And like you, I’ve been maddeningly frustrated by the hiatus. It’s almost eight years since my Zulu rock star came up with a new album.

Today’s session in Midrand, is called the Busi-MasterMax session, following the Busi-Dyer Tribe sessions at the African Jazz producer Steve Dyer’s digs, some sticks deeper into far North Jozi.

Soon after the arrival of the crew – Queen B, session producer Shaluza Max Mtambo and engineer Gideon Murray – things get going.

Songs are laid out. Lines are rewritten more for cogency than Tin PanAlley pop-along effect. Multiple takes of songs, verses, missed lines, reconstructed harmonies, and of course experimentation with the right dose of emotional peaks, and vocal science, starts shaping up the song Noya na?

Here, missed piano intros are rebooted, and leaky emotions released. Some beautiful verses are shafted and re-pasted somewhere along the song’s structure to blend in with the arrangements.

There’s no structure per se. The disciplined yet tangential spirit of the moment is the song’s form. Like Marvin Gaye once sang: “if the spirit moves ya, lemme groove ya, ooowie.”

To be in the studio when artists are working is a big no-no: you’ll never witness an artist more naked and exposed than in the confines of this process.

While the stage is a platform for an artist’s creative nudity and showiness, the studio is his or her shrine.

It is from this space that they give their all, in total release, oblivious to how they look or are perceived. There’s little thought for the state of the sheets, or in musical terms, how the “hits” will turn out.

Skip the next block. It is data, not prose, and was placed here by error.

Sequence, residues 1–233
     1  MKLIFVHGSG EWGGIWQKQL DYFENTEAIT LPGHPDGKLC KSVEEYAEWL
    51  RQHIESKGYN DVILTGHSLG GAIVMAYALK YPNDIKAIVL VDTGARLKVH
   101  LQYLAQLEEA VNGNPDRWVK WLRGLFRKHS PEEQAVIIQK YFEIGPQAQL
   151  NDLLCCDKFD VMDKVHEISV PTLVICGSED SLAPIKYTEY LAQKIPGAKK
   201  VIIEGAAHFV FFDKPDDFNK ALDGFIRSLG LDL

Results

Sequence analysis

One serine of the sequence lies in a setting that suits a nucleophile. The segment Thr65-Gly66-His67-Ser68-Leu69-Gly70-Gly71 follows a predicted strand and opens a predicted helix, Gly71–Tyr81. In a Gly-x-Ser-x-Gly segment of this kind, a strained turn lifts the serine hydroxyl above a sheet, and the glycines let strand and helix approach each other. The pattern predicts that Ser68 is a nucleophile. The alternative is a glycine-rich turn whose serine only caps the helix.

The songstress gets rolling. This one takes me to paradise. Well, as close to the Pearly Gates as you can get while sipping Rooibos in a studio. “Please let it boil, no milk please. Thanks.”

Noya na? is an African gospel piece whose tempo, the sheer force will, and quest to peep inside God’s own sacred house is reminiscent of Bob Dylan’s brooding classic Knockin’ On Heaven’s Door from the 1973’s soundtrack for the movie Pat Garrett and Billy the Kid. And that’s my inference, not the artist’s intended reprise.

Introduced by a mix of Senegalese [Talla Niang’s chants], Ghanaian [William Ago’s harmonising] and Carlos Santana-esque Santeria drumming, stepping out in a mid-tempo-ish gait, this is a gospel, or a soul music piece, minus the burden of having to attach or label a “god” for your beliefs.

To that extent, soul music has the power to travel to un-chattered, and un-baptized spaces, particularly when un burdened by religious sectarianisms.

Still, were you to ascribe an earthly spiritual label, this music feels as if it draws its musical roots from both the Ethiopian and Pentecostal traditions.

Underpinned by Fana Zulu’s masculine but unobtrusive doong-dong-bah-bah! bass riffs, and topped off with Busi’s signature Zulu-Buddha chants, the song bursts into life a meditative tour de force.

Soon Ma Mhlongo, as she’s known to her close-knit-circle, goes barefoot, a giveaway to those who know her. When she bares her soul in song, her shoes are the first to go.

When the engineer plays back the final take, we burst into a trance dance. She screams and shrieks her lungs away. Healers’ Brew!

As Mhlongo hisses, coos and prays her way through the song-list, I hear a message you’d need some inner African soul-gadget to decipher, just from the timbre of her voice. Like Jimi, she’s saying: